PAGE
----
Net revenue was $29.6 million for the three months ended September 30, 2003 compared to $22.2 million for the three months ended September 30, 2002, an increase of 33.3%. The net increase in revenue was primarily attributable to increased unit shipments, partially offset by a reduction in overall average selling price, resulting from a change in product mix and general competitive pricing. Our product mix shifted toward single pointing solutions, reflecting the combination of consumer weighted demand for low-priced notebook computers and the impact of competitive solutions in the dual pointing segment of notebooks. Revenue from our dual pointing applications was approximately 27% of our revenue for the three months ended September 30, 2003 compared to 46% for the three months ended September 30, 2002. Our non-PC revenue grew to approximately 9% of total revenue for the three months ended September 30, 2003, up from approximately 5% of total revenue for the three months ended September 30, 2002, primarily reflecting growing demand for certain portable music player/recording devices that utilize our capacitive interface solutions.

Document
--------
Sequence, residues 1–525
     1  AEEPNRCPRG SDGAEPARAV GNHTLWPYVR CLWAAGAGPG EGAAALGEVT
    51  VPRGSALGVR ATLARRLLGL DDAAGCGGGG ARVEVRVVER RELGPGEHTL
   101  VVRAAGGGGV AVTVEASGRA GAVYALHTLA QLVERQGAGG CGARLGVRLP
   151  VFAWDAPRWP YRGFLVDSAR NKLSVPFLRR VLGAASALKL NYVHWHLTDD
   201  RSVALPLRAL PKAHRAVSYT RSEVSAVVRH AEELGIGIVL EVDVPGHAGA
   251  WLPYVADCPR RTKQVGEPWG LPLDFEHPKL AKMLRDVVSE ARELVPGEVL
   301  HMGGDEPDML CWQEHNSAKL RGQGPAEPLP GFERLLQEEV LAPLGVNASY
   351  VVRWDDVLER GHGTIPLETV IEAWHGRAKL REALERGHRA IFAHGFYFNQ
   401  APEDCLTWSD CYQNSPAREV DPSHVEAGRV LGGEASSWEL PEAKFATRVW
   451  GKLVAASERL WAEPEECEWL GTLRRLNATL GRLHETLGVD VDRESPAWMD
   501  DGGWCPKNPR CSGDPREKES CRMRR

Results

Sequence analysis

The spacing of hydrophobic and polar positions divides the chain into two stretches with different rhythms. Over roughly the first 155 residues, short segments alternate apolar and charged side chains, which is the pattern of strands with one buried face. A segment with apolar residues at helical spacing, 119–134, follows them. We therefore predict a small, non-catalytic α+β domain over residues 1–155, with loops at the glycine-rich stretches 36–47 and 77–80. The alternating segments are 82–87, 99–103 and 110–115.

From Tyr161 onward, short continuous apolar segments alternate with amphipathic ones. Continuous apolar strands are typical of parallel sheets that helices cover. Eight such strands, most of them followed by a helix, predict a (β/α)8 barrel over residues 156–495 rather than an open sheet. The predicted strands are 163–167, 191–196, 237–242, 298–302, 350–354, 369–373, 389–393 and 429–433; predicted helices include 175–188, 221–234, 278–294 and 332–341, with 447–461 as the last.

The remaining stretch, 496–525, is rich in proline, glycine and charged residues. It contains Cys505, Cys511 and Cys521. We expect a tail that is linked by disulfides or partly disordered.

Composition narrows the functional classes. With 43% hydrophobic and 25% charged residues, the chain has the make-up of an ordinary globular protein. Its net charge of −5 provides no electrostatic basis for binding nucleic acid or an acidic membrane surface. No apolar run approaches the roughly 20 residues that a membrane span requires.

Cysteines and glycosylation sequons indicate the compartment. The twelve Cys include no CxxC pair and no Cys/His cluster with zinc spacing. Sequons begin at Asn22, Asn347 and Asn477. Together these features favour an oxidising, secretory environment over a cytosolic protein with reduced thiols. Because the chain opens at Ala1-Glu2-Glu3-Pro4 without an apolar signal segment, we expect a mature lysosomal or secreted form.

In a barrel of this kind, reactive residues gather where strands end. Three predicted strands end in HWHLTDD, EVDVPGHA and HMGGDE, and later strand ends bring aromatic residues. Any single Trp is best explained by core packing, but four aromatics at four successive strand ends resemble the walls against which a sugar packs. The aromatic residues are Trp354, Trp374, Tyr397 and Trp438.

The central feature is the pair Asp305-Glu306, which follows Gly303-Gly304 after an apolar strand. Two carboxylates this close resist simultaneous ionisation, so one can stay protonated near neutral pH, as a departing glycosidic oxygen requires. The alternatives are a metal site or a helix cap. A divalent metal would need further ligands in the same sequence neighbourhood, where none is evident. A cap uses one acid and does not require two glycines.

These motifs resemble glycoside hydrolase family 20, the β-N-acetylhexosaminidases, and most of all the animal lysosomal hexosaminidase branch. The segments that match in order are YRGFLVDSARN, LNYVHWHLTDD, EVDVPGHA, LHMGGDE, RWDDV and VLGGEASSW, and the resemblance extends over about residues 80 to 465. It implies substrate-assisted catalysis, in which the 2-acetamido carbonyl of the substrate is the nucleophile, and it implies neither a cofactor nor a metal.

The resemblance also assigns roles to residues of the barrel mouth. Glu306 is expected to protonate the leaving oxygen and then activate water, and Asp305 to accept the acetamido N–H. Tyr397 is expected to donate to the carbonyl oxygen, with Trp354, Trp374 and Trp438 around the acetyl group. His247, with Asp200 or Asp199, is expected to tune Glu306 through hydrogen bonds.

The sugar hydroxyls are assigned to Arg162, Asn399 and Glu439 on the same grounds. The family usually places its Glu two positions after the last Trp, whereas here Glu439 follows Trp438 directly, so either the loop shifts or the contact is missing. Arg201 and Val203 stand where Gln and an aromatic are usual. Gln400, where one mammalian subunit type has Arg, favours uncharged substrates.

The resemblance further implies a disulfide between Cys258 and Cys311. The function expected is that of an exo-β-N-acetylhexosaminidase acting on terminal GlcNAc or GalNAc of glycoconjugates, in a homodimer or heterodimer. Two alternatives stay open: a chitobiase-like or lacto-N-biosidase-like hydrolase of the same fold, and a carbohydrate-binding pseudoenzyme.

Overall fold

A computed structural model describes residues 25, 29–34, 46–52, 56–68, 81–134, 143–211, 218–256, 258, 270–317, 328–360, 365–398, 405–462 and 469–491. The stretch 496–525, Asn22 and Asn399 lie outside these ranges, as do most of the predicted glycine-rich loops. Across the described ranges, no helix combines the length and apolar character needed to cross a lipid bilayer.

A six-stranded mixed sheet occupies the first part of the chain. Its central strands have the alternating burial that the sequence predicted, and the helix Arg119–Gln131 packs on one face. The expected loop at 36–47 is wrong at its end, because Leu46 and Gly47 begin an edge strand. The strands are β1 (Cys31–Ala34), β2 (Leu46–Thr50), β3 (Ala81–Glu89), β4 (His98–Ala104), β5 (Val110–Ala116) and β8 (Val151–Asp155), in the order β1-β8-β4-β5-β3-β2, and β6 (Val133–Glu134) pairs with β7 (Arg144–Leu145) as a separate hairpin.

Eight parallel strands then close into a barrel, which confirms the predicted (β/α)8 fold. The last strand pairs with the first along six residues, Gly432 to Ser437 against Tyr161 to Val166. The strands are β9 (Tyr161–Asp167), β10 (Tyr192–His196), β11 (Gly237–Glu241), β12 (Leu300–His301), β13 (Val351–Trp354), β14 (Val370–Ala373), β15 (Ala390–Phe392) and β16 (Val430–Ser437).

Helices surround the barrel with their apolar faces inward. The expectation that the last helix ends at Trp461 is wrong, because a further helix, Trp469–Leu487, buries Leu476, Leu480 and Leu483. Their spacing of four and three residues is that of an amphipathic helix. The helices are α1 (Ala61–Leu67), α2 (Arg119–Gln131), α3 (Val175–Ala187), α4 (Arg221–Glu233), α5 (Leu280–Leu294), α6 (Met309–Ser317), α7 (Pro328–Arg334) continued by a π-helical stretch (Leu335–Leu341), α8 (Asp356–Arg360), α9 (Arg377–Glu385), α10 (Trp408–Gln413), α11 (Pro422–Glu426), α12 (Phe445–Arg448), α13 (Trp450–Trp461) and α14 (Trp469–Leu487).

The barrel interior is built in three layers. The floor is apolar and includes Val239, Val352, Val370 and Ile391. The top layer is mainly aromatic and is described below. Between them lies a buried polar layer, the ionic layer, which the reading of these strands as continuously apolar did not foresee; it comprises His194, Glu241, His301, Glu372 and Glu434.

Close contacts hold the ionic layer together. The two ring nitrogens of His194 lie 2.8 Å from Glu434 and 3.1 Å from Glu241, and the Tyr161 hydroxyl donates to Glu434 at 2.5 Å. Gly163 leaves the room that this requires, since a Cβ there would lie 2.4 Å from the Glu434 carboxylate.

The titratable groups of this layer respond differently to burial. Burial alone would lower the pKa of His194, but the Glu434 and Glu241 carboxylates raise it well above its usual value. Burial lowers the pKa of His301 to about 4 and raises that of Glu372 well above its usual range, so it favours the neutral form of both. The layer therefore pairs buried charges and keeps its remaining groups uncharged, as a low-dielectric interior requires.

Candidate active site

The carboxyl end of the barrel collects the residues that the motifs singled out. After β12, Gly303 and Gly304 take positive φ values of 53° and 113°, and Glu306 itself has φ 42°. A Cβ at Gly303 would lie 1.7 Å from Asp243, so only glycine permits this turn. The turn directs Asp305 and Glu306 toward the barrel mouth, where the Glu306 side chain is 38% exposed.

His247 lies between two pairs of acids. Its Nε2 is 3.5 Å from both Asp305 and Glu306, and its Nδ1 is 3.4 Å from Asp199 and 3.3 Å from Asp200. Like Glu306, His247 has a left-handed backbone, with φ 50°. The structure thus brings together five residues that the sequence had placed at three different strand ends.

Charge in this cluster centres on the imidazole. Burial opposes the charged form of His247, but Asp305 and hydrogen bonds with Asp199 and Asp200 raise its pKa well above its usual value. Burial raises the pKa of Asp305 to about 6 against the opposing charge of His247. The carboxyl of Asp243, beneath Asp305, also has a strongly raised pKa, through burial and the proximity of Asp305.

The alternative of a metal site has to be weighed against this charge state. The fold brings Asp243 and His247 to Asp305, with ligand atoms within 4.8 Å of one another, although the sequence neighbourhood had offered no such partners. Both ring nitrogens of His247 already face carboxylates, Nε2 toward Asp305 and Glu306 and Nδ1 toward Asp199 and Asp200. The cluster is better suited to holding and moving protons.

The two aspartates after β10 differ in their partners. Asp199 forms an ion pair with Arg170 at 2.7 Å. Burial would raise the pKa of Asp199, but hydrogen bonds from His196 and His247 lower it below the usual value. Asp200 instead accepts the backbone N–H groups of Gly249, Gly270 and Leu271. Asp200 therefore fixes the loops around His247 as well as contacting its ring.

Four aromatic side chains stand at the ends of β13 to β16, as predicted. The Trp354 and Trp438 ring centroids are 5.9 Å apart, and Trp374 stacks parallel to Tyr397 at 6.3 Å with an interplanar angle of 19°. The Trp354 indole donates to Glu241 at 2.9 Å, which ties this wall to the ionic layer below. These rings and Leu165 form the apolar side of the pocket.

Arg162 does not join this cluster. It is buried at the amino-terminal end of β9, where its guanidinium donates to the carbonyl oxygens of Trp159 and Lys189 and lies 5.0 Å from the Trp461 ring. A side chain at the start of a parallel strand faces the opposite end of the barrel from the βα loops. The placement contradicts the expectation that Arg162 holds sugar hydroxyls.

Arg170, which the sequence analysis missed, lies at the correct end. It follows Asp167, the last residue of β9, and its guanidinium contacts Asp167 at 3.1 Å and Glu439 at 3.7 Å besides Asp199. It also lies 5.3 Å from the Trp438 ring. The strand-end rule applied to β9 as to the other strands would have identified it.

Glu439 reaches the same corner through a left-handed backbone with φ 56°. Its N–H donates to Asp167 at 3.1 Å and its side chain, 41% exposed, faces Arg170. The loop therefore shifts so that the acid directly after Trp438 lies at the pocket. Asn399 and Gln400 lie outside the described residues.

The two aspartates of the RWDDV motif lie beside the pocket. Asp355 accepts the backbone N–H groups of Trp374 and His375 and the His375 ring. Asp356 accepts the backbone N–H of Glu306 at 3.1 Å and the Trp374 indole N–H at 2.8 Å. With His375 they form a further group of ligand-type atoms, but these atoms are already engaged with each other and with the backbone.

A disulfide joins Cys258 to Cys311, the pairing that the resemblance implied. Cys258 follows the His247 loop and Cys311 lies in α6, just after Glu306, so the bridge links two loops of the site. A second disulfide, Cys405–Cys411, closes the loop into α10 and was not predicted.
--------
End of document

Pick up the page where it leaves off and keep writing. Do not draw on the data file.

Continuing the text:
Gross margin as a percentage of revenue was 41.1% for the three months ended September 30, 2003 compared to 43.9% for the three months ended September 30, 2002. The reduction in gross margin as a percentage of revenue primarily reflected a shift in mix to lower margin products and a lower average selling price resulting from general competitive pricing, partially offset by lower manufacturing costs, which resulted from the combination of our ongoing design and process improvement programs and lower materials and assembly costs.

     Research and development expenses decreased 4.3% to $5.1 million, or 17.2% of revenue, for the three months ended September 30, 2003 from $5.3 million, or 24.0% of revenue, for the three months ended September 30, 2002. The major contributor to the decrease in research and development was lower spending related to new product development activities, which included outside services and materials costs, partially offset by higher compensation costs associated with our annual review process, and increases in other personnel related costs.